In the above-mentioned embodiment, the system in which a discrimination is made to see if audio signals have been Hi-Fi recorded or not on the basis of the levels of the reproduced outputs from the audio rotary heads has been described. However, it is also possible to adopt the system in which such discrimination is made by detecting the leakage of the audio signals from the audio tracks to the video heads. FIG. 5 shows an embodiment based on the principle of this different system.
The embodiment of FIG. 5 will now be described hereinbelow, in which the parts and components similar to those in FIG. 4 will be designated by the same reference numerals and their detailed descriptions are omitted. In FIG. 5, numeral 140 is a band-pass filter and 141 is an integrator. In this example, first, the band-pass filter is used to detect the carrier of the audio signals of Hi-Fi recording. Namely, it is so arranged that the center frequency of the pass-band of this filter is set to be coincident with the carrier frequency so as to have the steep peak characteristic (high Q value). With this design, for the Hi-Fi recording, the leakage of the audio signals to the video heads increases and the level of the frequency modulation carrier also increases. Thus, an output of the band-pass filter 140 increases and the output derived by smoothing the output by the integrator 141 also increases. In the opposite case where the Hi-Fi recording was not performed, the output level decreases. In this way, the Hi-Fi recording can be also discriminated in this embodiment as well. The subsequent operation is performed in a manner similar to the foregoing embodiment.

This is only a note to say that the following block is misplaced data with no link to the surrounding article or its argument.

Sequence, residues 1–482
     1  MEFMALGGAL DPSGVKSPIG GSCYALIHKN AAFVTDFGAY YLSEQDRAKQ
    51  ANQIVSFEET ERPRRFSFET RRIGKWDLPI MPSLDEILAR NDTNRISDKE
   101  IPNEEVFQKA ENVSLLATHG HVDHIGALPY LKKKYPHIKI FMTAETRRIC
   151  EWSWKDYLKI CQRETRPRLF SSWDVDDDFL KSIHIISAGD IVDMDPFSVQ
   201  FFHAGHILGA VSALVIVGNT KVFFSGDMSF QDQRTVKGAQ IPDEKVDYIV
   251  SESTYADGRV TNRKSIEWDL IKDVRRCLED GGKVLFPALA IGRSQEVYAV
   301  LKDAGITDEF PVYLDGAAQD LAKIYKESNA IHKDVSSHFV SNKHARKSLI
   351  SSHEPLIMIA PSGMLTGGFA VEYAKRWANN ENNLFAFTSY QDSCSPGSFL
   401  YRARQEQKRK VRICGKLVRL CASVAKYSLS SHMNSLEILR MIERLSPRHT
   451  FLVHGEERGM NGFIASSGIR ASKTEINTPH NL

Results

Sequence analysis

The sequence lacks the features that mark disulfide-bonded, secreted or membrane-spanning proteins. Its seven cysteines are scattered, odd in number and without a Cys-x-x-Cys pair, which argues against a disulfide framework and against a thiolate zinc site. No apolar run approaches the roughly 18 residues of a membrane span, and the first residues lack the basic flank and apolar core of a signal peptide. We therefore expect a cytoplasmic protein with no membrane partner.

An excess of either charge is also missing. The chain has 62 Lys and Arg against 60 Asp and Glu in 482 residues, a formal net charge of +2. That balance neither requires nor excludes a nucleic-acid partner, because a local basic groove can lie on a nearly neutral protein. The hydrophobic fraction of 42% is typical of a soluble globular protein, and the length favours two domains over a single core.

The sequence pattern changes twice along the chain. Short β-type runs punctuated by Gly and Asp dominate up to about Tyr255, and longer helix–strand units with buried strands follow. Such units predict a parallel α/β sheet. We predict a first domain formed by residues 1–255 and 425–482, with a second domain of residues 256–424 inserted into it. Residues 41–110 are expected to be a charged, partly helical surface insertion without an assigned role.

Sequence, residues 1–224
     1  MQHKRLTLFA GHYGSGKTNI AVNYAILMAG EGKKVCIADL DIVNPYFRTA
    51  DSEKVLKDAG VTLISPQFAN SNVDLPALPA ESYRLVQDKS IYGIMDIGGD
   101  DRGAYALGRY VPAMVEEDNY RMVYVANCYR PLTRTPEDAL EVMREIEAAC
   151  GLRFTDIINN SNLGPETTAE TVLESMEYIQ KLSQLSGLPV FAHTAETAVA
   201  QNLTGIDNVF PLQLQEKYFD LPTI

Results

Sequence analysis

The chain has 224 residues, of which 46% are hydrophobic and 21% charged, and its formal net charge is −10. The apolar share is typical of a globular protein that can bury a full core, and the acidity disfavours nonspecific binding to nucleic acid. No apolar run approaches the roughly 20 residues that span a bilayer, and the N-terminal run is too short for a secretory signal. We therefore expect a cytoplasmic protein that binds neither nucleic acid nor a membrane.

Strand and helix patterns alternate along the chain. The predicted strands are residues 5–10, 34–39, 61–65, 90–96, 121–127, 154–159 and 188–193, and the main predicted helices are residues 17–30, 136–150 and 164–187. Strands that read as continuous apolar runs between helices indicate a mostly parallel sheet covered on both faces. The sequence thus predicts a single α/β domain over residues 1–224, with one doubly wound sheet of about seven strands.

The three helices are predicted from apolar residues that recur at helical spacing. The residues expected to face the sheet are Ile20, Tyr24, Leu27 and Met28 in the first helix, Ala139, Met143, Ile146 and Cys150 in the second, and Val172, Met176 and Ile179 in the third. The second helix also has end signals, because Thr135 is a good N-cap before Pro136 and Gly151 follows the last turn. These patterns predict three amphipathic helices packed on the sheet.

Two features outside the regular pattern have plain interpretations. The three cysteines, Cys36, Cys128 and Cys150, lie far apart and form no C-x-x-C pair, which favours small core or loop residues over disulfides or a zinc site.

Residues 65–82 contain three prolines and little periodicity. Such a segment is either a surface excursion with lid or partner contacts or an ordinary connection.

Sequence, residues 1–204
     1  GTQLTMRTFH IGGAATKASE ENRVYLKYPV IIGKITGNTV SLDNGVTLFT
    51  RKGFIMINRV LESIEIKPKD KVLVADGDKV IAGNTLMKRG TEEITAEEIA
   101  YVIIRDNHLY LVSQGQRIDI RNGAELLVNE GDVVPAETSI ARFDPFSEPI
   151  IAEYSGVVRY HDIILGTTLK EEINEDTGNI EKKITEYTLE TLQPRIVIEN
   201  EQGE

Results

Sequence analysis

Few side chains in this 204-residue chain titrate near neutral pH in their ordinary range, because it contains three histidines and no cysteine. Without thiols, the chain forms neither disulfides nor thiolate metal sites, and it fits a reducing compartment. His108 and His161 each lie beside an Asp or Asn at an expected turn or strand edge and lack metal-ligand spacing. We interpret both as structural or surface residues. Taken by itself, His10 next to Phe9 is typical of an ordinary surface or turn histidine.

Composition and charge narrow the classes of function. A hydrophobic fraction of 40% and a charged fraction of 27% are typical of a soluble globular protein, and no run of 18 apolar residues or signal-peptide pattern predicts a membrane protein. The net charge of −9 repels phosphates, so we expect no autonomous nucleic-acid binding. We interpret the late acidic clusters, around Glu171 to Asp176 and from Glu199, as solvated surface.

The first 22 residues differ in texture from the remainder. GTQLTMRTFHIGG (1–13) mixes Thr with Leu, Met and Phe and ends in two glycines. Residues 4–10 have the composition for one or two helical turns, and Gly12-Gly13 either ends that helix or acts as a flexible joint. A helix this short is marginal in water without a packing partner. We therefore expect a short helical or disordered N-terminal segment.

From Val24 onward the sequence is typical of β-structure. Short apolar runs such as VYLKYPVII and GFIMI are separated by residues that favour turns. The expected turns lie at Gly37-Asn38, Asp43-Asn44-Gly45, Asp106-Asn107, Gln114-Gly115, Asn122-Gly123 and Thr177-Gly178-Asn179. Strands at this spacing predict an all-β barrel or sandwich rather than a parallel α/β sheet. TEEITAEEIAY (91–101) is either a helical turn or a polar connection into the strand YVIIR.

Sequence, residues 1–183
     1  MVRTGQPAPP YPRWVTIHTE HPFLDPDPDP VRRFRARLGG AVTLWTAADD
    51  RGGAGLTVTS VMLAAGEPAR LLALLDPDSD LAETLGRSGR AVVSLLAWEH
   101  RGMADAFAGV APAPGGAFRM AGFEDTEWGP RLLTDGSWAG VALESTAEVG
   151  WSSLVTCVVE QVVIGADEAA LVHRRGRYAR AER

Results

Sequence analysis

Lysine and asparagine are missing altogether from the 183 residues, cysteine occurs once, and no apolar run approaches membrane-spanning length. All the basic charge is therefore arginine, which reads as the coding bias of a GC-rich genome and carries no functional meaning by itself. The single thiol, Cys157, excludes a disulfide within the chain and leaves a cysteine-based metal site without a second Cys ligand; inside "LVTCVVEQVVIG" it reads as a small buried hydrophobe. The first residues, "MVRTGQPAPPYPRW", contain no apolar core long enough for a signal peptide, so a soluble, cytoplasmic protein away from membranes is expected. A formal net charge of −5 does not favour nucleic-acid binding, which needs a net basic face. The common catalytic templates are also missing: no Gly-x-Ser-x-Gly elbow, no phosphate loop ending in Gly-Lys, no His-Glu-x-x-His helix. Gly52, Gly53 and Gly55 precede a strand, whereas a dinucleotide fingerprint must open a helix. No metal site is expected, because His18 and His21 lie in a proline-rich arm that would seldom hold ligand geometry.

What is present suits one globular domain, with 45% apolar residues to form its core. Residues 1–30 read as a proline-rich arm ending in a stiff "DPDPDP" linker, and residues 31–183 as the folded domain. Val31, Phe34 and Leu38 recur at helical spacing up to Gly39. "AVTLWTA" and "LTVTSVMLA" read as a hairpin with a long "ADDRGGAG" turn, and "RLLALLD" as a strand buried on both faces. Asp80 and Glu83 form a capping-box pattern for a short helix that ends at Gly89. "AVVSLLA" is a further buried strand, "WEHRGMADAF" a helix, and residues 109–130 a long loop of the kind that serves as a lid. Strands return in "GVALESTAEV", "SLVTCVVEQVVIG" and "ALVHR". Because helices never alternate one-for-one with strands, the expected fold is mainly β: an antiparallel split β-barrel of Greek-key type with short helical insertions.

Further another embodiment of the invention will now be described hereinbelow. In this embodiment, the Hi-Fi recording can be discriminated by recording the information indicative of the Hi-Fi recording or the normal recording due to the fixed head on the magnetic tape and checking it. For example, this discrimination can be realized by the method whereby the duty of a control signal is used and such information is added to the control signal. Namely, the control signal is recorded by setting the duty thereof to 70% in the case of the Hi-Fi recording and to 50% in the case of the normal recording by the fixed head. In reproduction, the duty of the control signal is monitored and thereby deciding the Hi-Fi recording or normal recording. FIG. 6 shows an embodiment for explaining an example of the practical method for this purpose.